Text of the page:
It is with great sadness that I learned, a few days ago, of the death of the great modernist Yiddish poet Avrom Sutzkever ז”ל. Sutzkever’s immense talent as writer was matched only by his heroism as a freedom fighter. During WWII, Sutzkever fought as a partisan and famously saved Yiddish documents in Vilna from destruction at the hands of the Nazis, who killed both his mother and his son. After the war, Sutzkever immigrated to Israel, where he became editor of the Israeli Yiddish literary quarterly Di Goldene Keyt.
Sutzkever has never received his proper due among literary audiences, especially Jewish American readers, and if you have never read anything by him, I commend his understated but intensely powerful writing to your attention (yes, go ahead; buy two copies: one for you and one for the Yiddish lover in your life). Here is a poem he penned in 1948, entitled Yiddish:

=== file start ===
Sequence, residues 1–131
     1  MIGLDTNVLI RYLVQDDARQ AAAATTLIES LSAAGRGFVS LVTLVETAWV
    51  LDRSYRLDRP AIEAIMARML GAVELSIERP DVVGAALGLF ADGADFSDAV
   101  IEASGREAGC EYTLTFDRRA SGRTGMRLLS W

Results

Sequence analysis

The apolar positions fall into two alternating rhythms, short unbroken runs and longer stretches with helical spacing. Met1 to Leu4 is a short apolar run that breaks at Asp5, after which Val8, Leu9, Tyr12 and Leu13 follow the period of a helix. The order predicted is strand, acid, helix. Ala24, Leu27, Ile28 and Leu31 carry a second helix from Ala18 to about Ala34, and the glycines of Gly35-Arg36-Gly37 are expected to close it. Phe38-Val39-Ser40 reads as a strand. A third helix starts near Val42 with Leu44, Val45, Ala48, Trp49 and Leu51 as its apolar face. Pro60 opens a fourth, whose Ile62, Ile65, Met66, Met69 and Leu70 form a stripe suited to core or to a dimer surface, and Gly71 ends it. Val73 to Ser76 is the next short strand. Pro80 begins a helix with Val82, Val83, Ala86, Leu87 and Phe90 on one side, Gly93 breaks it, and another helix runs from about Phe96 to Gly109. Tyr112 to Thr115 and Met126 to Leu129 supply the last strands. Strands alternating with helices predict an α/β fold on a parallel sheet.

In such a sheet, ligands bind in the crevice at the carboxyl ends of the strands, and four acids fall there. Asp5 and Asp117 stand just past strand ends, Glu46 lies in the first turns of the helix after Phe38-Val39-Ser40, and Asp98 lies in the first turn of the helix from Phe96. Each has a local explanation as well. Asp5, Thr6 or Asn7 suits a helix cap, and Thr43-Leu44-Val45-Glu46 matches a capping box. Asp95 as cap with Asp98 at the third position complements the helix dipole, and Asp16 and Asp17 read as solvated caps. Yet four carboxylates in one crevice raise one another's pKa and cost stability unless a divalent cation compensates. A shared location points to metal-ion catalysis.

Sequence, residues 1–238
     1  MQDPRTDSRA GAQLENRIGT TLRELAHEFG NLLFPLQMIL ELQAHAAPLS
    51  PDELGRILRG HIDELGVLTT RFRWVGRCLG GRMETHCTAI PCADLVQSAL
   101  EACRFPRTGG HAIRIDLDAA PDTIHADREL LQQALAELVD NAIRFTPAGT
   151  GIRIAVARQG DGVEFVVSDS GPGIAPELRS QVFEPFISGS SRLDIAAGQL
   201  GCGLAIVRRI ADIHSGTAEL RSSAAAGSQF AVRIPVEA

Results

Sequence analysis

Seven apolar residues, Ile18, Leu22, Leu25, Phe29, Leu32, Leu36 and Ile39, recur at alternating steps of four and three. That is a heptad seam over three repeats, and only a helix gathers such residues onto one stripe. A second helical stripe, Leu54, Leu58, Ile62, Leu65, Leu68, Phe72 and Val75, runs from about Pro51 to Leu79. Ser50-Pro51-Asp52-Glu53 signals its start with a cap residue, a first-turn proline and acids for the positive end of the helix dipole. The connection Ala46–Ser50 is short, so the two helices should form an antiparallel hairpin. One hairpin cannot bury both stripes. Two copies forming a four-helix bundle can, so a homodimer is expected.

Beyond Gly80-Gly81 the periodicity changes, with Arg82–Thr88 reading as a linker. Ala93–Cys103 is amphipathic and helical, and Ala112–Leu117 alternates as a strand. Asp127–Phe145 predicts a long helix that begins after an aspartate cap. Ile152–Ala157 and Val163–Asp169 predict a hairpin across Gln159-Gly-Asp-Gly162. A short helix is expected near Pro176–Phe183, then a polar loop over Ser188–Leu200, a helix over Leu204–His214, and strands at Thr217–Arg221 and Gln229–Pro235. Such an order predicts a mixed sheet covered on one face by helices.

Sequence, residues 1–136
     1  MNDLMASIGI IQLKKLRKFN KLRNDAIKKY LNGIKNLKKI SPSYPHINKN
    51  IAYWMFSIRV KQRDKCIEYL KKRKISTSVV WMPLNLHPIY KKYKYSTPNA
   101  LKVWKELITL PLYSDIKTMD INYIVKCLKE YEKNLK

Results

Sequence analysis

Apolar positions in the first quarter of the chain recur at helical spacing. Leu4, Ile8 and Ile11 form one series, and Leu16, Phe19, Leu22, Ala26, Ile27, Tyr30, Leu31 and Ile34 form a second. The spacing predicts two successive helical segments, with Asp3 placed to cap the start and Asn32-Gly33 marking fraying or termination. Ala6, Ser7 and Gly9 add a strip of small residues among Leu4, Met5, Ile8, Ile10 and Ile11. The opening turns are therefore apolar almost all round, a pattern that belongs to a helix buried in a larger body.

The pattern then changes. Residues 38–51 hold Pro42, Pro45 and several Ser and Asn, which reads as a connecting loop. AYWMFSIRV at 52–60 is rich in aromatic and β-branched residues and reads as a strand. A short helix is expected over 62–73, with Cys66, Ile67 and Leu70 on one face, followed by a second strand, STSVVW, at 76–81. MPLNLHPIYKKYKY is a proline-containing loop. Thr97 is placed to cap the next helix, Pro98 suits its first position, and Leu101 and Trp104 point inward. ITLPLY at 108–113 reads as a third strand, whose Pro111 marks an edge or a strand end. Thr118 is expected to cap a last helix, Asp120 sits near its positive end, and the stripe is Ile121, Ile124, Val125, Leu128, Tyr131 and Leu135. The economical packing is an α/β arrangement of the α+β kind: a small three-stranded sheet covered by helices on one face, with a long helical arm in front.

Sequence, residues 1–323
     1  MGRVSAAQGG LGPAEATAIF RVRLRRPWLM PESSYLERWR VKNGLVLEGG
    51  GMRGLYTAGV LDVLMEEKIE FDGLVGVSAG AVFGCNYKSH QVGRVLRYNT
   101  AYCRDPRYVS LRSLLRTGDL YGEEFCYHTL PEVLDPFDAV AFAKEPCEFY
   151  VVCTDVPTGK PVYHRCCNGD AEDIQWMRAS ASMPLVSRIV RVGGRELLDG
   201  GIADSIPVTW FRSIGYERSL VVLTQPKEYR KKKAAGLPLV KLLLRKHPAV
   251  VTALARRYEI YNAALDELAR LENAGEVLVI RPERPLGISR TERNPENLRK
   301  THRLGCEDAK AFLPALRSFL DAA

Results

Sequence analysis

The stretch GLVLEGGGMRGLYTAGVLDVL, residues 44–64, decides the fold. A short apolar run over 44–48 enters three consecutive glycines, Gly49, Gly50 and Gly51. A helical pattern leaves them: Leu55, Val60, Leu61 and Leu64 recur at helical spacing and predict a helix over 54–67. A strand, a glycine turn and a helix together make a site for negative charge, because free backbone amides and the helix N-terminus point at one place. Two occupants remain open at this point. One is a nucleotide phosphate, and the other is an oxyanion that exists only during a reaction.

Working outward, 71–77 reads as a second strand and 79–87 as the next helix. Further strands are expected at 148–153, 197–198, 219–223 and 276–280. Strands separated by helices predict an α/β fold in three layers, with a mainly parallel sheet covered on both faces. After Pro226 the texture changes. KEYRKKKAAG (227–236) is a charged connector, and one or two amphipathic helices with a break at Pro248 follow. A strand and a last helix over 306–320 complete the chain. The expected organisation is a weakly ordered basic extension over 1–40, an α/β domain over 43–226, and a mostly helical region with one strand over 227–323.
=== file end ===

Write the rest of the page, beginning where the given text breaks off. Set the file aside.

Shall I start from the beginning?
Shall I, a brother,
Smash all the idols?
Shall I let myself be translated alive?
Shall I plant my tongue
Till it transforms
Into our forefathers’
Raisins and almonds?
What kind of joke
My poetry brother with whiskers,
That soon, my mother tongue will set forever?
A hundred years from now, we still may sit here
On the Jordan, and carry on this argument.
For a question
Gnaws and paws at me:
If he knows exactly in what regions
Levi Yitzhok’s prayer,
To their sunset —
Could he please show me
Where the language will go down?
May be at the Wailing Wall?
If so, I shall come there, come,
Open my mouth,
And like a lion
Garbed in fiery scarlet,
I shall swallow the language as it sets.
And wake all the generations with my roar!